The 1960’s were a decade of upheaval for African Americans everywhere. Starting with assassination of Medgar Evers, then the Watts Riot, Muhammad Ali’s resistance to the Vietnam War, Tommie Smith and John Carlos protests at the Olympic Games and the assassination of Dr. Martin Luther King, African Americans had a lot to say. After the passing of the Civil Rights Act of 1968, they had something to celebrate.

What they often didn’t have was a space to say it or celebrate it. Most media—both local and national—were not spotlighting the positive contributions and work of African Americans.

So in June 1969, six young friends in Fresno came together and founded the Grapevine Magazine as a place for local African Americans to highlight their achievements and share their views in Central California. None of the founders had any experience in journalism or the publishing business, but they saw a need and had a mission to fulfill it. It was the first state-wide African American magazine founded and published in California.

Grapevine Slide

From 1969 to 1982, Grapevine Magazine highlighted hundreds of stories about African Americans in the fields of medicine, history, civil rights, education, religion, government, law, politics, business, sports, and entertainment. Full of photographs, editorials and original art, the magazine’s run is a snapshot of African American life and style in the Valley’s pivotal post-civil rights era.

In honor of Black History Month, Henry Madden Library presents Grapevine Magazine: African Americans in Central California, 1969 – 1982, an exhibit featuring the media of Grapevine Magazine. The exhibit will run from Feb. 3 – March 30, 2020 in the Library’s Pete P. Peter’s Ellipse Balcony on the Library’s third floor.

“Grapevine magazine was a landmark voice for Central California’s African American community,” says Del Hornbuckle, dean of library services at Henry Madden Library. “The magazine covered politics, education, entertainment, recipes, and social events but, most importantly, the Grapevine drove the narrative of the African American experience in the Central Valley and had the final say in what was important to that community.”

Featuring the full color covers of each issue, interior spreads of stories, photographs of local luminaries and the original art of Dr. Fitzalbert Marius, the exhibit is a chance for the Fresno State community to immerse themselves in the design and style of pre-computer era media while connecting to important stories about the groundbreaking African American leaders of our region.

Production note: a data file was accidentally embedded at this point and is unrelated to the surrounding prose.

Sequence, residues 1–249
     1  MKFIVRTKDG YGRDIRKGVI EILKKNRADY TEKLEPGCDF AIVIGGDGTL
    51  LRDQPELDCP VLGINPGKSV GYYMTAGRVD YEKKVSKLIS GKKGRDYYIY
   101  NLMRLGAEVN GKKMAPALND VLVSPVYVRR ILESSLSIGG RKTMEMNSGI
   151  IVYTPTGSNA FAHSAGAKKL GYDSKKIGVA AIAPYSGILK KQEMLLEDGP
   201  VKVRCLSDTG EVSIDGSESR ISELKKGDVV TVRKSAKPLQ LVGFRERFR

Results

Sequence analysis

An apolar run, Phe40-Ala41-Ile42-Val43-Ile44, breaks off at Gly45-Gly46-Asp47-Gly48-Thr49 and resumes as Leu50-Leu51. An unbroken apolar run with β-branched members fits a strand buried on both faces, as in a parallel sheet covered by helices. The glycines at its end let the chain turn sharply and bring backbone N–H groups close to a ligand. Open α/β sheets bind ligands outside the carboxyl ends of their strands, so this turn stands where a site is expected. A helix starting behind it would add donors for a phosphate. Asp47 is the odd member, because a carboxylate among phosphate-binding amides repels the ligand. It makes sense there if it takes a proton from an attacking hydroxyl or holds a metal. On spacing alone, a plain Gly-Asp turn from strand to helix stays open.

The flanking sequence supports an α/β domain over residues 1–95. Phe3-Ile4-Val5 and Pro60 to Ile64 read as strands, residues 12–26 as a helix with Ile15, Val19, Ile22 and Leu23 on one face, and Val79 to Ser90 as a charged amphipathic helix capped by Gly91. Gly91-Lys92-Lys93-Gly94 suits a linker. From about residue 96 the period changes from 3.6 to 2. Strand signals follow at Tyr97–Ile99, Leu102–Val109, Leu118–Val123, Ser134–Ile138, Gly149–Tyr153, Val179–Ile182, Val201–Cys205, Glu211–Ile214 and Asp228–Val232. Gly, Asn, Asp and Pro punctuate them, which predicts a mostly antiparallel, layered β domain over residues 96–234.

A public reception to celebrate Grapevine Magazine and its contributions to the Central Valley  will be held at the Pete P. Peters Balcony in Henry Madden Library on Thursday, Feb. 20, 2020 from 6:30 p.m. to 9 p.m.

Grapevine Most Influential.pngPublisher Frank J. Johnson, Sr. is the best-selling author of “Who’s Who of Black Millionaires”, former executive director of the non-profit Neighborhood Opportunities for Affordable Housing, Inc. (NOAH), and Central California’s first African American school district superintendent, to name just a few of his achievements.

In addition to Johnson, the founders of Grapevine Magazine were Johnson’s brothers Cleo Johnson and Jerry Johnson, both of whom rose to leadership positions in business in Fresno and Bakersfield, James “Jim” Aldredge, who became Fresno’s first African-American city manager and is a retired Fresno State professor, Dr. Freddie Haynes, later a prominent physician, and Donald Thuessen, who was a civil rights advocate.

Eventually, the staff expanded to include more family and friends committed to telling the stories of African Americans in California. A true family business, other members of the family continue to run the California Advocate, Fresno’s African American community newspaper.

“That’s the powerful history of black media,” says Hornbuckle, “—amplifying voices, stories, achievements and a culture that would have otherwise been ignored and deliberately slanted.

“This exhibit is a historic moment for the Library and combines the rich cultural heritage of African-Americans here with the sharp design and media sensibilities of a bygone era. Students, educators, and the community will all find something to enjoy and learn from the work of the Grapevine Magazine.”

The public reception for the Grapevine Magazine will include President Joseph I. Castro and the publishers of the magazine. Reservations for groups are recommended. For reservations, special accommodations, or further information please call the Henry Madden Library at 559.278.2403.


Written and posted by H. Parish